Egypt’s energy sector is on the upturn, as the government plans an ambitious diversification programme taking in gas, renewables, hydro, coal and nuclear. James Gavin reports.
After the turbulence of the post 2011 period, Egypt is regaining a measure of political and economic stability – and that is good news for the country’s energy sector, whose fortunes have ebbed and flowed in tandem with the country’s ups and downs.
The past few years have been challenging for the country. From being one of the world’s most significant natural gas exporters, with two liquefied natural gas (LNG) facilities and pipelines to Israel and Jordan, by 2014, Egypt had become a net importer of gas, experiencing a hydrocarbons-related external deficit of $3.6bn, compared with a surplus of $5.1bn in 2010.
The post-2011 experience has undermined what had been a rosy outlook at the start of the decade. Having boosted natural gas production more than threefold between 1999 and 2009, Egypt appeared to be in full control of its prodigious hydrocarbons resource endowment, able to meet growing domestic demand and generate hard currency revenues via its LNG and piped gas exports.
However, natural gas production began to slip in 2012, with output of four of Egypt’s major offshore gas fields commencing a steady decline. Meanwhile, state-owned Egyptian General Petroleum Corporation (EGPC) began to rack up sizable arrears to upstream investors – in excess of $6bn worth. With exports curtailed in order to meet demand from industry and local power generation plants, the situation looked bleak.
Relief was close at hand however. The following year (2015) marked a dramatic turning point in the country’s fortunes, with the discovery of the giant Zohr gas field by Italy’s Eni, yielding recoverable reserves of a massive 30 trillion cubic feet of gas. Virtually at a stroke, this replenished Egypt’s total gas resources by one-third, as Eni pioneered a fast-tracking of the field to ensure first gas production in late 2017.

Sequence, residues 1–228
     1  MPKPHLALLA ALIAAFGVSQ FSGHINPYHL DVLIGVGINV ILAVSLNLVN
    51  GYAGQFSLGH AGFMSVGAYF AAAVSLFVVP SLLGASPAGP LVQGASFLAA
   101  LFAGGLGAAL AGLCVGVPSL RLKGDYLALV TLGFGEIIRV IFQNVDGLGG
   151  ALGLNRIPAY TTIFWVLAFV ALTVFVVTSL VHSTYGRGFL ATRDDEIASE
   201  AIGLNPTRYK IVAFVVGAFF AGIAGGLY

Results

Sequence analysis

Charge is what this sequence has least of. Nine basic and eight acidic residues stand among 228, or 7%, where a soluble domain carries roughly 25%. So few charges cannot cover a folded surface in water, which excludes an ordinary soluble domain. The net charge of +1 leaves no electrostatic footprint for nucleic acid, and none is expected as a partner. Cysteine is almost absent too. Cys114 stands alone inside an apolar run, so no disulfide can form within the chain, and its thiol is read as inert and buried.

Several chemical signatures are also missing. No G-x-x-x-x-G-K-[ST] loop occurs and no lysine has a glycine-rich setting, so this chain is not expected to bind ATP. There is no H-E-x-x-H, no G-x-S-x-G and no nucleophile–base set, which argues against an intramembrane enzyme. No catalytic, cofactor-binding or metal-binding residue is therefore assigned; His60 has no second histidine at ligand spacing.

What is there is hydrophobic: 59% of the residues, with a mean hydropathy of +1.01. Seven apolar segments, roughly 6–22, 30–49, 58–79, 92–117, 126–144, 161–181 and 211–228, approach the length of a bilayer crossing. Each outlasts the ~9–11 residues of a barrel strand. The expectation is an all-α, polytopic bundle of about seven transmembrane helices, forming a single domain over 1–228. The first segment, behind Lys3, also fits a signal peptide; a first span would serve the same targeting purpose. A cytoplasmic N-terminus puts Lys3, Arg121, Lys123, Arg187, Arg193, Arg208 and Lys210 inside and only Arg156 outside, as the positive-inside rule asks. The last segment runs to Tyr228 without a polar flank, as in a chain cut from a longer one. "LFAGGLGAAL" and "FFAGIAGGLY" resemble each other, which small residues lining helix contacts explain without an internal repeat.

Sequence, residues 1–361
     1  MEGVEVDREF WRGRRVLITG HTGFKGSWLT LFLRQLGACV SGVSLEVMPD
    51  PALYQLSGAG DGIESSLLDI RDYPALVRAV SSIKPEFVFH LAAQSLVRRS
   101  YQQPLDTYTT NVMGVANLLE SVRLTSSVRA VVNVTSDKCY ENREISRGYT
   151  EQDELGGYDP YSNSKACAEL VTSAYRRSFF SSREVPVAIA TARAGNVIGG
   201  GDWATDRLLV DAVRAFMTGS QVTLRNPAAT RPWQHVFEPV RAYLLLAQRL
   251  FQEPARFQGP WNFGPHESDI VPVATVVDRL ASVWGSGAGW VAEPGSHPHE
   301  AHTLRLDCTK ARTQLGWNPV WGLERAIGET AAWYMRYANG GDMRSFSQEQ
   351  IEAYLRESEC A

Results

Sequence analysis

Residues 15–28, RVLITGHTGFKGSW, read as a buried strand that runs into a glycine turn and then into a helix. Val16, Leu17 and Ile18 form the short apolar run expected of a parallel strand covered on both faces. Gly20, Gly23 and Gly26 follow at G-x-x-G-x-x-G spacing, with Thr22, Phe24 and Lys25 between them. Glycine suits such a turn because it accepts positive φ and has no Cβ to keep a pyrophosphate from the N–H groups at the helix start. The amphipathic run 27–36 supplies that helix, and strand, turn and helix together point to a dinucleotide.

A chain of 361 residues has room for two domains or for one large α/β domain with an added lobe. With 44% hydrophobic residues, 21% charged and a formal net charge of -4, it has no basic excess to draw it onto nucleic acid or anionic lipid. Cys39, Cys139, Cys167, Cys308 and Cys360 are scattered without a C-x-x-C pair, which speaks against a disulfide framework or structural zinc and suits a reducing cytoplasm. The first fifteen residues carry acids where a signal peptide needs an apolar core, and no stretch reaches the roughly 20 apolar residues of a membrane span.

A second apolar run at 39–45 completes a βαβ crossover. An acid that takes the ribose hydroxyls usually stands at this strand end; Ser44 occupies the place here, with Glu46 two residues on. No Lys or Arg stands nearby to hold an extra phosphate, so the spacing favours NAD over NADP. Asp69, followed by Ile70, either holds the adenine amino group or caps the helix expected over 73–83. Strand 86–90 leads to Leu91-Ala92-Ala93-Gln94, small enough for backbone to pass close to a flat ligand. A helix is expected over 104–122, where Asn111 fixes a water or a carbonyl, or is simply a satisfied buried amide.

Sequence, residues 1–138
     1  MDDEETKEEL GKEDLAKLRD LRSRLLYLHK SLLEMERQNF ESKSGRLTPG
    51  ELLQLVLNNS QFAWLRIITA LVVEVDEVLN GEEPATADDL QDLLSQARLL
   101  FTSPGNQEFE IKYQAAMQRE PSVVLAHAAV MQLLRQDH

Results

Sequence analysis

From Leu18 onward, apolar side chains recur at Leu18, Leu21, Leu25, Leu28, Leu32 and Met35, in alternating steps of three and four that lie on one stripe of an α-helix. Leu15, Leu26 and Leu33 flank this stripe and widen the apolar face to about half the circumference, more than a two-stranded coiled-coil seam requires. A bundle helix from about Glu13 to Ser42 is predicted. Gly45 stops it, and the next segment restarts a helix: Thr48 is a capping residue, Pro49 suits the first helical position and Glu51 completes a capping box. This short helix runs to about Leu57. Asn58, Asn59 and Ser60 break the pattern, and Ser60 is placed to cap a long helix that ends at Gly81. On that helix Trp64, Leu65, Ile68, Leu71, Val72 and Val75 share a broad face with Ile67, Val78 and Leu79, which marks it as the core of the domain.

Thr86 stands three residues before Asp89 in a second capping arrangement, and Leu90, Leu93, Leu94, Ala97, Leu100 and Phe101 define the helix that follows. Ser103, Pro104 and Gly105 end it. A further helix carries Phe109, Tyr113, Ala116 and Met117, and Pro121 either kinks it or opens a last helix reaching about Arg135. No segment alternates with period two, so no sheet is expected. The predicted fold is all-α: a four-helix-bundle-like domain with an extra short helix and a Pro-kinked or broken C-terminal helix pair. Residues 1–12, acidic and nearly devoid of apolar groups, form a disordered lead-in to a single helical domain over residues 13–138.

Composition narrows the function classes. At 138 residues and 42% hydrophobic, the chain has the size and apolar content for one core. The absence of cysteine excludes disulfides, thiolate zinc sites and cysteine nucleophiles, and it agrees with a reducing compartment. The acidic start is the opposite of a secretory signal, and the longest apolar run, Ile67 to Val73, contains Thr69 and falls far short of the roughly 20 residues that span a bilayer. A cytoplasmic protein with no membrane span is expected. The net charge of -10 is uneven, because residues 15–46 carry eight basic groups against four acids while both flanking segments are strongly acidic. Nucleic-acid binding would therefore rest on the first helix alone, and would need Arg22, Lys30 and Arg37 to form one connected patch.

Together with BP’s Atoll gas field, coming on stream at the same time as Zohr, and the West Nile Delta (WND) expansion, this equated to substantial volumes of daily gas supply that could find its way into the domestic grid
By June of this year, Zohr is likely to be producing 1bn cubic feet per day (bcf/d), before reaching a peak of 2.7 bcf/d by end-2019. In combination with the other production increments, Egypt’s total gas production could reach 9 bcf/d by 2020, compared to just over 5 bcf/d in 2017. This additional capacity is highly prized, as the government seeks to meet a 6% annual increase in demand.
The power sector has the clear priority for the new gas supplies. The govern ment has indicated that all the Zohr and WND output will be prioritised for the national grid for domestic purposes. This should help put a halt to the country’s damaging electricity blackouts, which have had a negative economic impact.
The new gas is also complemented by the country’s investment in substantial new power generation capacity, chiefly via three new 4.8 GW combined-cycle gas-power plants being built by Germany’s Siemens in Borollos, Beni Suef, and the New Administrative Capital, which combined stand to increase electricity generating capacity by up to 50%. The Siemens plants will be among the largest in the world when they are commissioned later in 2018.
The country’s total conventional power plant capacity is just shy of 40 GW, of which less than 1 GW is accounted for by renewable energy sources.